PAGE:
AKA Jerome David Kern
Birthplace: New York City
Location of death: New York City
Cause of death: Cerebral Hemorrhage
Remains: Buried, Ferncliff Cemetery, Hartsdale, NY
Race or Ethnicity: White
Sexual orientation: Straight
Nationality: United States
Executive summary: Show Boat
Composer Jerome Kern is best known for the musical adaptation of Edna Ferber's novel Show Boat. Stunning in its time for its groundbreaking presentation of interracial marriage, alcoholism, gambling, and wife desertion, it is the earliest American musical that remains familiar to modern audiences. For Show Boat his lyricist was Oscar Hammerstein II, and his collaborators on other productions included P. G. Wodehouse and Johnny Mercer. He wrote more than a thousand songs for more than a hundred stage productions and movies, including such American standards as "A Fine Romance" (the delightfully flirtatious number sung and danced by Fred Astaire and Ginger Rogers in Swing Time), "Can't Help Lovin' Dat Man", "The Last Time I Saw Paris", "Long Ago and Far Away", "Lovely to Look At", "Ol' Man River", "Smoke Gets in Your Eyes", and "They Didn't Believe Me".
Beyond the marvelous melodies, Kern himself acknowledged that his life was not terribly interesting, describing himself as "a first-class stuffed shirt". There was no adversity to overcome -- he was raised in a well-off family, was always musically inclined, and published his first song, "At the Casino", while he was still in high school. At 16 he wrote a musical parody of Uncle Tom's Cabin, which was staged by a local theater on his 17th birthday. He studied music for a few years in New York and Heidelberg, and was described as an adequate but not exceptional student. He had his first professional success on London's West End, and by the age of 20 his songs had been sung on stage on New York's Broadway.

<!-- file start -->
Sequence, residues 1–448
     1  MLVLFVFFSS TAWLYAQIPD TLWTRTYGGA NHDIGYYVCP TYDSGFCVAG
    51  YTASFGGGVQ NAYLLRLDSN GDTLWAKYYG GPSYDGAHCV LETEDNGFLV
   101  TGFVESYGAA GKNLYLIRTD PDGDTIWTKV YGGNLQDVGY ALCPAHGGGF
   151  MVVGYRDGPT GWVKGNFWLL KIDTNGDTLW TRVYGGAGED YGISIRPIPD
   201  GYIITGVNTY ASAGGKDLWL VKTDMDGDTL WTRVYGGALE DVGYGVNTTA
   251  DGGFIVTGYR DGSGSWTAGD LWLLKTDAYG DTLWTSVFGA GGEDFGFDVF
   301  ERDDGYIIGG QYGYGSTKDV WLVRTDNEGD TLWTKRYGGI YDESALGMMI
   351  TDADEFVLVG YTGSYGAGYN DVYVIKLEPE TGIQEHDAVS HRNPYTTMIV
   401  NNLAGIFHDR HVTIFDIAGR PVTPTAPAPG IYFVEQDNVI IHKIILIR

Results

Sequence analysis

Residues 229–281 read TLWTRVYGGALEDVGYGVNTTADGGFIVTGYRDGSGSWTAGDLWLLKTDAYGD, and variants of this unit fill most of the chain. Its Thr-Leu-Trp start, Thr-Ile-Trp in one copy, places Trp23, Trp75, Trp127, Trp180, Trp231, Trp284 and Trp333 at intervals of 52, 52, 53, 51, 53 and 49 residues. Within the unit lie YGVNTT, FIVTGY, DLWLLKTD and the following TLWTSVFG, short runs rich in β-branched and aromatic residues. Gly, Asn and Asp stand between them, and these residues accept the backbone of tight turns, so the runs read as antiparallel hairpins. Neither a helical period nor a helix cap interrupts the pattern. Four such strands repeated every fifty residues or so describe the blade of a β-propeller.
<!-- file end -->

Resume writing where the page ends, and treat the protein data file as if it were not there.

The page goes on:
He briefly dated an actress from one of his early Broadway plays, but married an English pub-owner's daughter. They were happily married until his death, taking frequent vacations on Kern's yacht Show Boat. He had a fondness for rare books and betting on horses, and he wrote a symphony inspired by Mark Twain's writings. The story of Kern's life was told in the 1946 film Till the Clouds Roll By, with Robert Walker as Kern and the young, sultry Angela Lansbury singing Kern's early hit, "How'd You Like to Spoon with Me?"
His daughter, Betty Jane Kern, was the fourth of big band star Artie Shaw's eight wives, and later married film producer Jack Cummings, a nephew of Louis B. Mayer.
Father: Henry Kern (horsekeeper)
Mother: Fanny Kakeles
Girlfriend: Edith Kelly (actress, dated 1908)
Wife: Eva Leale (b. 1891, corresponded 1908-10, m. 25-Oct-1910, d. 1959, one daughter)
Daughter: Betty Jane Kern (b. 1913)
High School: Newark High School, Newark, NJ (1902)
University: New York College of Music (1903)
University: University of Heidelberg (attended 1903-04)
Oscar for Best Music Original Song 1937 for "The Way You Look Tonight" from Swing Time (shared with lyricist Dorothy Fields)
Oscar for Best Music Original Song 1942 for "The Last Time I Saw Paris" from Lady Be Good (shared with lyricist Oscar Hammerstein II)
Songwriters Hall of Fame 1970 (posthumous)
Dutch Treat Club (1933-45)
Appears on postage stamps:
USA, Scott #2110 (22¢, depicting Kern with sheet music, issued 26-Jan-1985)
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